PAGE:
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Microsoft has a new laptop that’s warm to the touch

  • Mike Murphy
By Mike Murphy

Technology editor

Published Last updated This article is more than 2 years old.

Surrounded by darkness, illuminated by a single spotlight, CEO Satya Nadella somberly opened a Microsoft press event in New York today. “I’m here today as a heretic,” Nadella said, arguing that technology is not the solution to problems, but the facilitator for the answers. He spoke about how his grandfather used the limited educational opportunities he was given to lift his family out of poverty, and that opening up education to everyone was one of his life’s passions. Later in the event, Panos Panay, Microsoft’s head of devices, unveiled a new $1,000 laptop that has “buttery” keys and a fabric finish that’s meant to “invite you in.”

As Nadella’s introduction suggested, Microsoft’s event was focused on education. The software giant unveiled a new version of its Windows 10 operating system, called Windows 10 S, that’s meant to be designed with students and teachers in mind. The software can be controlled centrally by a school district’s IT department, to see how students are using their computers, and to keep them from downloading applications they aren’t supposed to. It also has collaborative tools like Teams, which act as a central repository for information and discussion on classes—rather like a Slack program for education—and new modes of programs like PowerPoint that let students create 3D renderings inside their presentations.

There were many programs and applications demonstrated to show what Microsoft could bring to classrooms—you could program robots or build Martian habitats in Minecraft, all from Surface tablets that administrators can keep a watchful eye over. But the real star of the event, the thing that most reporters flocked to for a hands-on demonstration after the presentation, was Microsoft’s new computer, the Surface Laptop.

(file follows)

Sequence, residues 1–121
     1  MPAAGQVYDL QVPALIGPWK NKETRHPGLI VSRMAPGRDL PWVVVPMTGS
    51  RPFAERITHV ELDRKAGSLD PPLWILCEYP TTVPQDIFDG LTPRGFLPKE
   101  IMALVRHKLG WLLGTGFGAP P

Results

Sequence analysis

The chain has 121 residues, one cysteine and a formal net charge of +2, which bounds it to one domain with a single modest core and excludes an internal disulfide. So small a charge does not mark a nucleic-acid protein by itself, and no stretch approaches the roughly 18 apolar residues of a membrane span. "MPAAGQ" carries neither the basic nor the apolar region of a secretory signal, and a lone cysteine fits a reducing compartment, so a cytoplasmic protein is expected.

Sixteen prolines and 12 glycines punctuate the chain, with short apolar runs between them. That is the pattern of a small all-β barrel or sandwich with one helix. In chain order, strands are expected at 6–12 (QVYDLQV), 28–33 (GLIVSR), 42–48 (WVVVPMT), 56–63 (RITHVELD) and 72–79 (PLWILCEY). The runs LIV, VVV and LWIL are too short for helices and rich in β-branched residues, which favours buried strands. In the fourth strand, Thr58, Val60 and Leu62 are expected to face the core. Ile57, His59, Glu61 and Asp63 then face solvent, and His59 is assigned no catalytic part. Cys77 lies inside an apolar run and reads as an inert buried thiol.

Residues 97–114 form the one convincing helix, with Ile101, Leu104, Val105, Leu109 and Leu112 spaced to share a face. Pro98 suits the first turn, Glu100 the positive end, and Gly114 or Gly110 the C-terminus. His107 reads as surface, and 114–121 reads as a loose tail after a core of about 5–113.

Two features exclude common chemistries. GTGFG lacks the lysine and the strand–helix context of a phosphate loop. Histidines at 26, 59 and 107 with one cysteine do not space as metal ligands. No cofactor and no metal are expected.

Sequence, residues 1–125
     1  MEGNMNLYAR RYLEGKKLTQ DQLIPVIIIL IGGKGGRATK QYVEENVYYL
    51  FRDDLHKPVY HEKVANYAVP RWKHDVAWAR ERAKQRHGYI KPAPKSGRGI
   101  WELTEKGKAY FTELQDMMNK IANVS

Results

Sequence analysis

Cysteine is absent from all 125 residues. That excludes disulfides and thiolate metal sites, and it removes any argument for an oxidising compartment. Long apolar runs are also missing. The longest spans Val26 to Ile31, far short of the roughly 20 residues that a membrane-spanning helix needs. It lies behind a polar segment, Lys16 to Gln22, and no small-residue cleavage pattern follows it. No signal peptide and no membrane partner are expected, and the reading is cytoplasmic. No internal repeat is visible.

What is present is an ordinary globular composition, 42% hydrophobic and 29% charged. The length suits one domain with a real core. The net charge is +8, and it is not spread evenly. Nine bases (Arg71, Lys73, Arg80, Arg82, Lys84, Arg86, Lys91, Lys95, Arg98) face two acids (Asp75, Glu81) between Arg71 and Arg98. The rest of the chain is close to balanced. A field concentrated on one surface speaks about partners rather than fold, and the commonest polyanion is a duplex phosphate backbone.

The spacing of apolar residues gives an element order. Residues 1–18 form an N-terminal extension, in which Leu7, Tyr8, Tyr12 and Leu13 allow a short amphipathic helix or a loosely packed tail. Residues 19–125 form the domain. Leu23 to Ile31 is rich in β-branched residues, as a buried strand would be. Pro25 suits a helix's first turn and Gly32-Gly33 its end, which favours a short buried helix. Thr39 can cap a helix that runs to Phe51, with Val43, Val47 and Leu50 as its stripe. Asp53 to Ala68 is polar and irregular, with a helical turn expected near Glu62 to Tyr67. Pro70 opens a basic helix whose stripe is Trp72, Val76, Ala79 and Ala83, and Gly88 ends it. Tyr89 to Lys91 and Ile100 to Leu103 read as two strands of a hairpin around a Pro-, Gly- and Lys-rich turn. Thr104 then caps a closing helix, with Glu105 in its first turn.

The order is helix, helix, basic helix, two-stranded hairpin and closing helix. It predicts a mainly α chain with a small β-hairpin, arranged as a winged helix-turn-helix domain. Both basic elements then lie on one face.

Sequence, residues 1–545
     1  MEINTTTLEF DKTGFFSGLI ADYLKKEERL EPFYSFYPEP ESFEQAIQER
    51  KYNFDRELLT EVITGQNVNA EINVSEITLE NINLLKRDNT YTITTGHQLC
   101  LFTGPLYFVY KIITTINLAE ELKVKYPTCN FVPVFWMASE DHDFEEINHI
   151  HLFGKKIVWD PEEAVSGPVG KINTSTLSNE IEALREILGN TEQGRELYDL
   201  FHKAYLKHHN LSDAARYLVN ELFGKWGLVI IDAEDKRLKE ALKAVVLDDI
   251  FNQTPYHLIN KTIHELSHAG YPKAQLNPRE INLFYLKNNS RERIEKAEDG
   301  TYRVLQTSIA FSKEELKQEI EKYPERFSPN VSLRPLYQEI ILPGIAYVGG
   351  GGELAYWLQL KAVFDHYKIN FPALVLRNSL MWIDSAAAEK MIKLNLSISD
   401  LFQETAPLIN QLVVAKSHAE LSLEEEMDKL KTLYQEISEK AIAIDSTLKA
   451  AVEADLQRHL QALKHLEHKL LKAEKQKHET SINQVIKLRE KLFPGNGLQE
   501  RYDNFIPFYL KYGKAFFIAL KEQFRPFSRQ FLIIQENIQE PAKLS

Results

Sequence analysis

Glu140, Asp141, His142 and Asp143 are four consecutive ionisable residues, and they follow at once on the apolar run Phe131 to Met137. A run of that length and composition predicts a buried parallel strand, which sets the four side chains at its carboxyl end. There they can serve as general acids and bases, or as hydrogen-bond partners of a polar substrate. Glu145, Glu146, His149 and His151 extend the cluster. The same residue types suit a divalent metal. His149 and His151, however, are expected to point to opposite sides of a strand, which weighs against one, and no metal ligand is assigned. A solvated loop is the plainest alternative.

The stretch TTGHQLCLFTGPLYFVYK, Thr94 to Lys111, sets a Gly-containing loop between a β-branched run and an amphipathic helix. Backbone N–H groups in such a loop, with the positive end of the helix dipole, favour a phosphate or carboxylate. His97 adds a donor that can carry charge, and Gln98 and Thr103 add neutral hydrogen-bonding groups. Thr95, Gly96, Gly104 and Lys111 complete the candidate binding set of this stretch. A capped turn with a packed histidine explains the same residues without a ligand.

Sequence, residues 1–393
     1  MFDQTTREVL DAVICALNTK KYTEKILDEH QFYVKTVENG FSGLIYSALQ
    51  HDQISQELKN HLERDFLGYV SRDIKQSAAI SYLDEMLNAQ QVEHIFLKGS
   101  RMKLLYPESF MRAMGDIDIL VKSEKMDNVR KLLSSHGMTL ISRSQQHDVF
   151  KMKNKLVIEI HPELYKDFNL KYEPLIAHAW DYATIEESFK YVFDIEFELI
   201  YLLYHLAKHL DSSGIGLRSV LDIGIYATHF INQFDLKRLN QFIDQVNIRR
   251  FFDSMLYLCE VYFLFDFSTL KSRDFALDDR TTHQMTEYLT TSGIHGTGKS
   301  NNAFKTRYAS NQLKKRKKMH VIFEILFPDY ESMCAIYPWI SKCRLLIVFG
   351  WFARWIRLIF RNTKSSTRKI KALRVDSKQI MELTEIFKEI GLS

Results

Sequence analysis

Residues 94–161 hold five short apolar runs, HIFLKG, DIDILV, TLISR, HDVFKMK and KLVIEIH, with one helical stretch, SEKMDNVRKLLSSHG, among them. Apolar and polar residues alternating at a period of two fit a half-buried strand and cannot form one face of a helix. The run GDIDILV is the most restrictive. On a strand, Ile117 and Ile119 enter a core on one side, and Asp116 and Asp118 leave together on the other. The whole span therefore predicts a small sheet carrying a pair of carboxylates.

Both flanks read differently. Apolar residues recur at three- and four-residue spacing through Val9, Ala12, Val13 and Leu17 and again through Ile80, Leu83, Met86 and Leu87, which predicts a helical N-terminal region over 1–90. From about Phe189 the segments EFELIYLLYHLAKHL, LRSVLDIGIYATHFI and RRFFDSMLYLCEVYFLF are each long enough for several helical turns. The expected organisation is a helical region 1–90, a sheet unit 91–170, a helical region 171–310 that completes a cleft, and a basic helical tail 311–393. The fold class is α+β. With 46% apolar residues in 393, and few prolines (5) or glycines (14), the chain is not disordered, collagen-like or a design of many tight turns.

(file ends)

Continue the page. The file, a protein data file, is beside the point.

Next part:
The Surface Laptop rainbow.

Panay pitted the new laptop directly against competing Apple products—calling out the MacBook Air and Pro onstage—saying that it has superior battery life (over 14 hours on a single charge), a thinner body, and more power. The laptop, which has a touchscreen, is intended for college students, to last them all four years of their education, Panay explained onstage.

The laptop will come in two customizable variations; one with an Intel Core i5 processor, 4 GB of memory, and a 128 GB hard drive, and one with an Intel Core i7 processor, 8 GB of memory, and a 256 GB hard drive. The less expensive models will come in four colors—maroon, grey, gold, and cobalt-blue—and the more expensive models, which start at $1,600 and run up to $2,200, will only come in grey. The cheap versions start at $1,000.

The Surface Laptop will ship with Windows 10 S, Microsoft confirmed on its website, an operating system designed to run on machines as cheap as $189. Much of the demonstrations of the flexibility and utility of Windows 10 S onstage seemed to be focused on primary education (a seventh-grade teacher showed off lesson plans after the event in the hands-on area), so shipping a computer that starts at $1,000 with an operating system that’s designed to run on much less expensive machines, seems like an odd choice. Why not use Microsoft’s Windows 10 Pro, the full operating system that runs on machines of similar capability? If students are choosing between a MacBook and Microsoft’s offering, would they choose the one with a hamstrung operating system?

Microsoft’s own promotional photos don’t appear to be aimed at the college kids these laptops are supposedly for.

But for a company that traditionally designed only software and started making computers relatively recently, it seems odd that Microsoft’s way of selling the laptop to college kids is hinging on the hardware, rather than the software. “We want students to feel proud when they pull this out of their bag,” Panay said onstage, presumably searching for some of that conspicuous consumption that Apple products tend to engender.

Hua Wang, a designer of the Surface Laptop, told Quartz that the team gave a lot of consideration to small details. He showed me a cobalt-blue model where all the materials of the device—the anodized aluminum, the touch pad, the plastic keys, the fabric body, and even the metals inside the ports—had all been color-matched to give a sense of uniformity across the device. Design-wise, “everything’s super quiet,” Wang said.

If you spill something on the fabric area, it will wipe clean.

Wang added that the laptop has the plastic-coated fabric on the area around the keyboard—what Panay said was imported from Italy—so that the computer is comfortable to type on, unlike the cold metal most laptops are made of these days. The fabric, which feels far less soft than it looks, also acts as a protector for the screen when the laptop is closed. “When we designed the product, we believed that every material must have a function,” Wang said.

Whether inviting fabric and buttery keyboards will be enough to sway college-bound kids away from MacBooks, or how a premium laptop will help democratize education for those in the world without internet access, remains to be seen.

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